2019 Auction News Release

WHAT:  The United States Council for Sports Chaplaincy is hosting an Olympic Sports Memorabilia Auction (Silent and Live Auction)

WHEN: Friday, June 21, 2019

TIME:   at 6:00pm

WHERE: At The Lark, 3009 E l0lst Street  Tulsa

WHY: The United States Council for Sports Chaplaincy (USCSC) is a 501(c)(3) organization that educates and trains Olympic and Paralympic Alumni to serve Team USA through Pastoral Care as Chaplains. First-year students are finalizing their second-year program in August of 2019. To cover expenses for this year’s program, USCSC is hosting a sports auction of items donated by Olympians and Paralympians.

List of Items for bidding include:

  • Hockey Puck (signed by 1980 USA Captain Mike Eruzione)
  • Gymnastics hand grip (signed by Nadia Comaneci and Bart Conner)
  • Shooting Clay (signed by Kim Rhode)
  • Drying Chamois (signed by Greg Louganis)
  • Soccer Penalty Cards (signed by Brandi Chastain)
  • Speed Skating Armband (signed by Dan Jansen)
  • Speed Skating Armband (signed by Bonnie Blair)
  • Boxing Gloves (signed by George Foreman)
  • 2012 London Olympic Games Commemorative Plate
  • Paralympic T-shirt (small)
  • Many more Olympic items donated by Olympians &          Paralympians will be auctioned.

GUEST OLYMPIANS APPEARANCE:

  • Dr. Madeline Manning Mims, 4-Time Olympian in Track, Gold and Silver Medalist
  • Dr. Mark Crear, 2-Time Olympian in Track, Silver and Bronze Medalist
  • Stephanie Brown-Trafton, 3-Time Olympian in Track, Gold Medalist
  1. MARK JAMES CREAR

Mark Crear is a two-time Olympian in the sport of Track and Field.  He won a Silver medal in the 1996 Atlanta Olympic Games in the 110 meter high hurdles, and a Bronze medal in the 2000 Sydney Olympic Games. Mark has been a world-classed hurdler from 1992 through 2001. This University of Southern California alumnus had some of his best performances when he won the Silver medal with a broken arm in 1996 and won his Bronze medal in 2000 while suffering a double-hernia. Learning how to overcome obstacles in his athletic career, taught Mark how to solve life problems.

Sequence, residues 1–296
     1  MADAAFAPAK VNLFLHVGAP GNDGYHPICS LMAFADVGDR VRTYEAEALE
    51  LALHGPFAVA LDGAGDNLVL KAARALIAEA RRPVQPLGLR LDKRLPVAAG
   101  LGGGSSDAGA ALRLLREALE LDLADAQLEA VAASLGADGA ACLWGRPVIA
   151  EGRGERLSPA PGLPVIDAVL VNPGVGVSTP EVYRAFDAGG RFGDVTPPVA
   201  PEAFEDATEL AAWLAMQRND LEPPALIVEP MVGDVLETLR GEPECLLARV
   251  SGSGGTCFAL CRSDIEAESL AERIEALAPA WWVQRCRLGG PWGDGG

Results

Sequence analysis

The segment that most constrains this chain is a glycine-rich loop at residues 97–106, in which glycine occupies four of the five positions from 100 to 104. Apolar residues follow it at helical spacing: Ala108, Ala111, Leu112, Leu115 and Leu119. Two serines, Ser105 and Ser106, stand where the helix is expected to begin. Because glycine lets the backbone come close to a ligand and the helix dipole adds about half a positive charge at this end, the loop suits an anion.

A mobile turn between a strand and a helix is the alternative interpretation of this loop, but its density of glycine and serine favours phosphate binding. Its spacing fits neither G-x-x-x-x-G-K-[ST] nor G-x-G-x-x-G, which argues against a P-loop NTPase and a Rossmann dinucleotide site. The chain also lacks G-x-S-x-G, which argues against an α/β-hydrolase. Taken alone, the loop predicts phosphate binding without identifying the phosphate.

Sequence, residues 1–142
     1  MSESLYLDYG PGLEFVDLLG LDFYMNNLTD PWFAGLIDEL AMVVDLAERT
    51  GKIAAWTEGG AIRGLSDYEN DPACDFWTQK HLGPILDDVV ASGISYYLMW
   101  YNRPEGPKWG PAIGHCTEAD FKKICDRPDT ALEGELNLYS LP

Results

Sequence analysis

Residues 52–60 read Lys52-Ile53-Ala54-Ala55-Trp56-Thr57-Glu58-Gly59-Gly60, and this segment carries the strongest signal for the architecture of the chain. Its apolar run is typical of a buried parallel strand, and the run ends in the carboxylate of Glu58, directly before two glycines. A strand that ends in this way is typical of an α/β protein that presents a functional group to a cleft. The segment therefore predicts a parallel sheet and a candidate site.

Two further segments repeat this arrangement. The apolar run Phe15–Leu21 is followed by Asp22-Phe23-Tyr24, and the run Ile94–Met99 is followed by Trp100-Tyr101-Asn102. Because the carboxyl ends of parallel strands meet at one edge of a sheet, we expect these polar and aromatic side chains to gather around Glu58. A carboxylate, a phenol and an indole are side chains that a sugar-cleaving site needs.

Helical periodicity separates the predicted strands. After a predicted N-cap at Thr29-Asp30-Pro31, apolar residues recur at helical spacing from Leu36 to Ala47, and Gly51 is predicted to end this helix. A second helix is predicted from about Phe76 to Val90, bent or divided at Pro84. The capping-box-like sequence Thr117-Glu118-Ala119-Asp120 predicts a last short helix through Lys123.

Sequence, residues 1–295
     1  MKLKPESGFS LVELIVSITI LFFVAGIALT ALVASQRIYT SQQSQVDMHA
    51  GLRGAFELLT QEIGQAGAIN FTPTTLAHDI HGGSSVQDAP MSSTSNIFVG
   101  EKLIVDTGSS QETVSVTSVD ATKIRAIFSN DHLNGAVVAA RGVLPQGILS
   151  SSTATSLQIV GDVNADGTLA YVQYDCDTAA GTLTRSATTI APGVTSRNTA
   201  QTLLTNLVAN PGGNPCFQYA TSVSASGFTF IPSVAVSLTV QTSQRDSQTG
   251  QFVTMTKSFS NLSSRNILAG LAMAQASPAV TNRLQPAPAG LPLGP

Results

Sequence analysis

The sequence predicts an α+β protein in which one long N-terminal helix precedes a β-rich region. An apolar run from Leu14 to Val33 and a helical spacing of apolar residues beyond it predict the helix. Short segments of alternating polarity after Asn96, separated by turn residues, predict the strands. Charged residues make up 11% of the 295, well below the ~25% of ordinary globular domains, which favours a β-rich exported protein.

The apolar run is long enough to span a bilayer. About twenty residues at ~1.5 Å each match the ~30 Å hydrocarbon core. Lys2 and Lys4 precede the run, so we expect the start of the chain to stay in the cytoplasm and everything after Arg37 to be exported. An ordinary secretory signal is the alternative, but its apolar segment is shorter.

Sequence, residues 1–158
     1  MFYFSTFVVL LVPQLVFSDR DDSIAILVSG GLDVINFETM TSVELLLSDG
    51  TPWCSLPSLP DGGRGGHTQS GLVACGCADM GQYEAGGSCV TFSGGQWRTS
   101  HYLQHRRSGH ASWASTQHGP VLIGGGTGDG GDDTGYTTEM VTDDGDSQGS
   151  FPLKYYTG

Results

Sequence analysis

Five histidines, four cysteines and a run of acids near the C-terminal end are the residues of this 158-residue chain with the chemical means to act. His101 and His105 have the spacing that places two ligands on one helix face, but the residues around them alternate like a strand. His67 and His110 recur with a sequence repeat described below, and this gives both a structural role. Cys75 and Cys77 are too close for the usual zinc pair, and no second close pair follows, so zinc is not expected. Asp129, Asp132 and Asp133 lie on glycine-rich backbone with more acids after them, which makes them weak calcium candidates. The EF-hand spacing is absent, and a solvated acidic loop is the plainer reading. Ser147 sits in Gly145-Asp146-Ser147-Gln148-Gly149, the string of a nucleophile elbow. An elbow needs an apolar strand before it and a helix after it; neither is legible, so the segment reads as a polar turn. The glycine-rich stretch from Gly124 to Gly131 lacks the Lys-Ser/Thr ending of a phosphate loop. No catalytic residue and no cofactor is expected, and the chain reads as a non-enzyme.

Mark received his undergrad degree from USC in Sociology with an emphasis on business. He earned a Doctorate in Christian Theology and is a current minister and counselor. Mark is an author, speaker, performance coach and consultant. He founded “In the Zone Performance Training” a consulting practice that helps companies, professionals and athletes overcome life hurdles and improve their performance in the face of intense competition, pressure, fatigue and distraction.

In short, Dr. Crear is an Ordained Pastor, Published Author, Board Certified Professional Christian Counselor (BCPCC), Certified Life & Business Coach, and an Olympic Medalist. Mark is currently president of Mark Crear Ministries, Director of MCD - the Multi-Cultural division of the American Associations of Christian Counselors, AACC. Dr. Crear has earned his degrees (AA, BA, MA & Ph.D.) in Sociology, Christian Counseling & Christian Theology from Mt-Sac, ITU and the University of Southern California (USC).

Mark’s mission is to encourage and remind all those who are facing the hurdles of life that “The race is not given to the swift or the battle to the strong, but to those who endure to the end."

Mark is a United States Council for Sports Chaplaincy (USCSC) inaugural student in training for Olympic Chaplaincy who will complete his graduate requirements as a Certified Olympic Chaplain in 2019.

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STEPHANIE BROWN- TRAFTON